Two weeks ago, Trina G. shared her waste space, to show what works in her home. Today, Alicia C. is sharing a bit about her experiences with worm composting to show us that even the greatest intentions don't always lead to the best solution for everyone.
Do you have a waste-space story to share? We want to hear it! Help your fellow MCRs and waste-conscious readers learn from your experience.
Over the last four years I’ve tried worm composting twice. And over the last four years I’ve killed a bunch of worms, twice. It’s a good thing that worms aren’t a protected species.
The first time I tried worm composting, I purchased a kit at Earth’s General Store. Those worms lasted a couple of years, although I sure don’t know how! The second time I tried worm composting, I created my own “kit” during one of my Master Composter Recycler (MCR) classes. Those worms lasted less than 2 months.
Conclusion—I suck at worm composting!
The question, however, is whether I should try again. My answer is…no. I think I’ve murdered enough worms to last me at least a decade or so.
|I'm sorry, worms!|
Photo provided by the City of Edmonton
Worm composting is great, if you have the lifestyle which allows it to be successful. But if you don’t have the time or skills, it doesn’t mean you care any less about waste management or the environment.
Even though I’ve decided not to try again, my analytical brain has been wondering why I’m not successful and I think I've figured out why. I suck at worm composting because...
I hate to cook!
Because I hate to cook, I rarely cook. And when I do, it’s usually not a complicated dish with a lot of ingredients. It's something simple, like toast, grilled cheese, Kraft dinner, etc.
Cooking usually means some sort of scraps, like the top from a carrot, the skin of a cucumber, or the peels from a potato. Not cooking means you don’t have any of these things. Making a bowl of cereal or a couple of slices of toast usually doesn’t create scraps. Nor does eating take-out food, unless you don’t finish your meal. Even then, only some of the unfinished items would be compostable in a worm bin.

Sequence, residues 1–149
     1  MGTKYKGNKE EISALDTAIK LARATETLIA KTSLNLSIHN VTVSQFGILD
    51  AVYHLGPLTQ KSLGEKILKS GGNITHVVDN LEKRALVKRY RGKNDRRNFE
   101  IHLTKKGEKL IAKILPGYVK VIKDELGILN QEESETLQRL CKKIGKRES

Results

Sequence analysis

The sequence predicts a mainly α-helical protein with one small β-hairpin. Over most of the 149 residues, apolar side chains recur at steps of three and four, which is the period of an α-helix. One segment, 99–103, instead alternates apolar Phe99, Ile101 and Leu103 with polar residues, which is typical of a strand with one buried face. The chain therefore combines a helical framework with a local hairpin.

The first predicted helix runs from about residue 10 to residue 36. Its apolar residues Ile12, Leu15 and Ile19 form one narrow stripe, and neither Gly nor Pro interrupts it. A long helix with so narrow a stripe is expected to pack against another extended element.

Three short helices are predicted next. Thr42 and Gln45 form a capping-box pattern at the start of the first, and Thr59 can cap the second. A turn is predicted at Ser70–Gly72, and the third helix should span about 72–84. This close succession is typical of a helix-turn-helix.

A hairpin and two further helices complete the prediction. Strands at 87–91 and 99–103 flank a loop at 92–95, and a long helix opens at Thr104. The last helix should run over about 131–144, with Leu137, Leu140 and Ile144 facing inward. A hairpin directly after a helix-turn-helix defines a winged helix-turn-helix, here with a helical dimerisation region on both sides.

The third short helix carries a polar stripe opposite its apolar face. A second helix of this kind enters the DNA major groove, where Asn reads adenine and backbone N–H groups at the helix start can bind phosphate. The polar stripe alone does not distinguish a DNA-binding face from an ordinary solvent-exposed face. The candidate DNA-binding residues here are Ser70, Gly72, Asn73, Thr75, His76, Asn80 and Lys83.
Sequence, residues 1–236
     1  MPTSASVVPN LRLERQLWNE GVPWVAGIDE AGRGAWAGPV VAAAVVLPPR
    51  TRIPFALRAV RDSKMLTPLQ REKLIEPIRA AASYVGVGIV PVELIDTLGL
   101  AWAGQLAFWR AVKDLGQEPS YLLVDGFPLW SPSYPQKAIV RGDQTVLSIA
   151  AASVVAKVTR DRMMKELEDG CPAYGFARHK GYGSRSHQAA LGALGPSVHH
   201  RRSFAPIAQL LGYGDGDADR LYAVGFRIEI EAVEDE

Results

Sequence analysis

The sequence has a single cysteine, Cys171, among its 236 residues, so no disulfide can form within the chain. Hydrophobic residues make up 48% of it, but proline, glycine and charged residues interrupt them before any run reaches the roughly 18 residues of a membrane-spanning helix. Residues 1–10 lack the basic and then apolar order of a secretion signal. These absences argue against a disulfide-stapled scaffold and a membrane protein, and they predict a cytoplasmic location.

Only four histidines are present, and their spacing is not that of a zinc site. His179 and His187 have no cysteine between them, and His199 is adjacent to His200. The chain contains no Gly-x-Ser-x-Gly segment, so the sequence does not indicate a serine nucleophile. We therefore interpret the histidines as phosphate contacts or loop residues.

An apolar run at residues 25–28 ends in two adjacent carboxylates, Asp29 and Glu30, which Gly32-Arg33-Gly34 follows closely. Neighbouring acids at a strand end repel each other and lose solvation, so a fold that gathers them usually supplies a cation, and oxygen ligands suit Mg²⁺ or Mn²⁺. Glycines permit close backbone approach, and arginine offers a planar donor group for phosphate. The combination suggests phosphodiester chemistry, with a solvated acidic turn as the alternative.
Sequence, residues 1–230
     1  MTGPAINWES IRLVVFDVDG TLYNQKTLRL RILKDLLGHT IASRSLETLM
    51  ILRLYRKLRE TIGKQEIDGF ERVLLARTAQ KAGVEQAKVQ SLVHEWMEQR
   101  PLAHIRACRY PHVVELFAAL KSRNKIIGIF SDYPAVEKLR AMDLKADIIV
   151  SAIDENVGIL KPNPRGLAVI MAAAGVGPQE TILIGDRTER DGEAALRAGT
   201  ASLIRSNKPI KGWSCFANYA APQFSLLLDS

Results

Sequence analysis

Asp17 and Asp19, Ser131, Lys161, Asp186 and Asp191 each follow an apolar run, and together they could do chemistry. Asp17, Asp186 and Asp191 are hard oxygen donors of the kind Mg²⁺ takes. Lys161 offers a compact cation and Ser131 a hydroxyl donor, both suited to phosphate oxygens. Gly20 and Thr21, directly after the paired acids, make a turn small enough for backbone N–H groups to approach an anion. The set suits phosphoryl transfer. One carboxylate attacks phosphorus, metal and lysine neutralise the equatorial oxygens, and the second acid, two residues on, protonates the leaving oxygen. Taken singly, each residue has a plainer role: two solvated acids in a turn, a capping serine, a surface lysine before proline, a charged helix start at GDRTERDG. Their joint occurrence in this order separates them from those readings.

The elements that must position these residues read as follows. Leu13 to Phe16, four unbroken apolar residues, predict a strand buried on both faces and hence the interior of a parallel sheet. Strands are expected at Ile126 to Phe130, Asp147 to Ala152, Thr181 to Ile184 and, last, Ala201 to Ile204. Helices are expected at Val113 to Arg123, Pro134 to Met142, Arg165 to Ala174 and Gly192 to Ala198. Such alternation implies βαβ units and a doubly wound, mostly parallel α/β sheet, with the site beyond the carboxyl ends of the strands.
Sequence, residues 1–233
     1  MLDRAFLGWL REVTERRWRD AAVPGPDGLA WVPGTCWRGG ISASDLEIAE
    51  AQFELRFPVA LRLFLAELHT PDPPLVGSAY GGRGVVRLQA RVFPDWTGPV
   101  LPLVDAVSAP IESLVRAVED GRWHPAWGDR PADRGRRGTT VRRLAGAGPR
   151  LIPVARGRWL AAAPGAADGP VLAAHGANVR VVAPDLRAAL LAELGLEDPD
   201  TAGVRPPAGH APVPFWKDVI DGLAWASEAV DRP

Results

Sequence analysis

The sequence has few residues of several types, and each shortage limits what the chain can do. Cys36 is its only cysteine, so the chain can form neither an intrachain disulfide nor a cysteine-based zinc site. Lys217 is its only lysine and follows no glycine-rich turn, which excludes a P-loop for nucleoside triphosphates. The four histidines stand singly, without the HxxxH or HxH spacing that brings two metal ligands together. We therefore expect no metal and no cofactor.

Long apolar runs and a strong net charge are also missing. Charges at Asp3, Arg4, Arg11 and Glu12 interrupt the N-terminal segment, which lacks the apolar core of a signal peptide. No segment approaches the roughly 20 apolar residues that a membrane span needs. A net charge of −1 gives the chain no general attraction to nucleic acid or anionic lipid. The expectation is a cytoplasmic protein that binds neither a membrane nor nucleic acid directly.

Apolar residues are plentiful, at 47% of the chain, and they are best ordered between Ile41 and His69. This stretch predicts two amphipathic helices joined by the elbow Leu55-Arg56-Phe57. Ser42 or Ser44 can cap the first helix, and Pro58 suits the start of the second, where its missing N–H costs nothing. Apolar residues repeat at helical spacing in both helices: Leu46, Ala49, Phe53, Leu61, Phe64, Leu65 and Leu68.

I’m also a single person who lives on her own, and the food scraps I do create are not always appropriate for a worm bin. For example, a couple of months ago I bought a “box” (yes, a box) of naval oranges at Costco. I can’t remember exactly how many oranges were in the box, but let’s assume at least 20. As the only one who would be eating these oranges, and not wanting them to go bad, I usually ate 2 a day. This created a LOT of orange peel scraps. If you know anything about composting, especially on a small scale, you know that balance is key. Strong foods (like citrus scraps) should be limited in a worm bin, too. Putting 20 oranges' worth of peels in a worm compost is not a good idea.
I want to point out that I didn’t kill my worms with orange peels. I knew I couldn’t put ALL of them in the bin, so instead I researched what else I could do with them. There’s actually quite a lot you can do with orange, lemon and lime peels. (More on that in a future post!) But because I didn’t have any other appropriate scraps to put in the worm compost bin, the worms went without much food. And worms, apparently, can starve!
If you don't cook much, like me, you too will likely find worm composting difficult. And since it’s unlikely that I’m suddenly going to develop an intense need to become a chef, it’s probably best I let the worms live with someone who can actually feed them.
|I guess the worms didn't finish breaking down all the tomato seeds in the bin.|
Photo provided by Alicia C.
The Rubbermaid bin was also re-purposed as a litter box for my cats. The worms may have been sacrificed, but at least I’ll have fresh tomatoes, and my cats have a decent-sized litter box. I guess we can consider that the circle of life!
|Pippin, one beneficiary of the nice, big, new litter box!|
Photo provided by Alicia C.
Alicia Cappello is a graduate of the 2016 class of Master Composter Recyclers. She lives in Edmonton with her 5 cats and is currently a graduate student at the University of Alberta studying Humanities Computing and Library & Information Studies.